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House: Tort bill debated sharply

A bill that would dramatically change how courts consider negligence lawsuits drew sharp debate Wednesday night.

The bill would alter a part of the state tort law that says a person cannot collect any money if they contribute in any way to their injury. The bill would replace that doctrine that allows civil courts to consider the degree to which a person was at fault for his or her own injury. Any judgements awarded would be reduced by that factor.

Rep. Rick Glazier, a Fayetteville Democrat and a sponsor of the bill said a friend of his son's rode home as a passenger in a car driven by an intoxicated person. A car wreck killed the passenger.

"Because he got in the car with him...his family never got a dime," Glazier said. That is unfair. That is fundamentally unfair to every citizen in the state."

Opponents said the bill was an effort to cater to plaintiff's lawyers and that the change is unnecessary. The law could raise insurance rates, opponents said.

"This House has voted this bill down every time since 1983," said Rep. Jim Crawford, an Oxford Democrat.

The bill passed a key vote 67 to 50. It will have to be voted on again before it goes to the Senate.

Update: Later in the session, Rep. Johnathan Rhyne Jr., a Lincolnton Republican, withdrew his objection to taking the final vote on the bill Wednesday. Rhyne said he changed his mind because Glazier agreed to work on some of the oppositions' concerns as it moved through the Senate.

The bill cleared the House 73 to 42 and moves to the Senate.

21 legislators praised for disclosure

A campaign finance reform group has praised 21 legislators for their openness.

Democracy North Carolina identified a group of state lawmakers who are doing "a superior job" identifying occupations and employers of their donors on campaign finance forms.

Though candidates are required to make their best effort to identify all donors, many fall short, listing only names, dates and amounts.

The group singled out legislators who raised more than $15,000 and provided full information on 98 percent or more of donors, including Senate President Marc Basnight and House Speaker Joe Hackney, both Democrats.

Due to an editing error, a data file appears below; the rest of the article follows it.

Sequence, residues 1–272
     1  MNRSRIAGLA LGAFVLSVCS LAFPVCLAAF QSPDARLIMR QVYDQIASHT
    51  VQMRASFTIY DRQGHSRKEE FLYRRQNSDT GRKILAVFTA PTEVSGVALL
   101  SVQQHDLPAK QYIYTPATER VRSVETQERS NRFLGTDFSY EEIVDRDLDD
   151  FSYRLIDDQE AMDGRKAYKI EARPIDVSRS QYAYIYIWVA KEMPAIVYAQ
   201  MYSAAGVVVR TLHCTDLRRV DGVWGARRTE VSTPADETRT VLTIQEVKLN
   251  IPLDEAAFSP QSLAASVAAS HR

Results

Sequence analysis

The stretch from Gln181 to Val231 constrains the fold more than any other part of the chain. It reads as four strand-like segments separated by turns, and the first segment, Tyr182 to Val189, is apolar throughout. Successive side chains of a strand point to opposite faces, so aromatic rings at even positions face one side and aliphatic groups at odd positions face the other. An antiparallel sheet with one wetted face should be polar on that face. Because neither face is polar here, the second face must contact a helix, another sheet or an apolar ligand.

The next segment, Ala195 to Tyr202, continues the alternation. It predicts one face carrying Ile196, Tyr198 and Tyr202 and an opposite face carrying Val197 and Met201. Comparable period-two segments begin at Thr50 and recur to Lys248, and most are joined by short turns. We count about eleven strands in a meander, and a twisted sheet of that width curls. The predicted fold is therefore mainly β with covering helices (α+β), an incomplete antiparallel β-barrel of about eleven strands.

From the House: Democrats Tricia Cotham, Jim Crawford, Margaret Dickson, Rick Glazier, Bruce Goforth, Deborah Ross, Russell Tucker, Jennifer Weiss and Verla Insko, and Republican David Lewis.

From the Senate: Democrats Charlie Albertson, Doug Berger, Linda Garrou, Clark Jenkins, A.B. Swindell and Republicans Pete Brunstetter, Neal Hunt, Richard Stevens and Jerry Tillman.

"It's crucial for the public to have the full picture about the candidates before they vote — and the pattern of where a campaign’s money comes from is an important part of that picture," said Kaitlin Stollbrink, an intern at Democracy North Carolina.

Center releases '07 effectiveness rankings

The 2007 effectiveness rankings for the legislature have arrived.

The rankings, conducted by the N.C. Center for Public Policy Research, is based on a survey of state senators and representatives, a dozen capital correspondents and 614 registered lobbyists after the biannual long session.

Senate President Marc Basnight was the most effective senator for a record eighth time in a row. The other most-effective senators were: Tony Rand, David Hoyle, Dan Clodfelter and Linda Garrou.

The five most effective members of the House were House Speaker Joe Hackney, Bill Owens, House Majority Leader Hugh Holliman, Rick Glazier and Jim Crawford.

Rep. Melanie Goodwin made the biggest jump in effectiveness in the House from 73rd in 2005 to 31st in 2007; while Sen. Bill Purcell joined the Senate's Top 10 most effective for the first time.

For the first time, the center asked respondents to consider ethics when ranking effectiveness.

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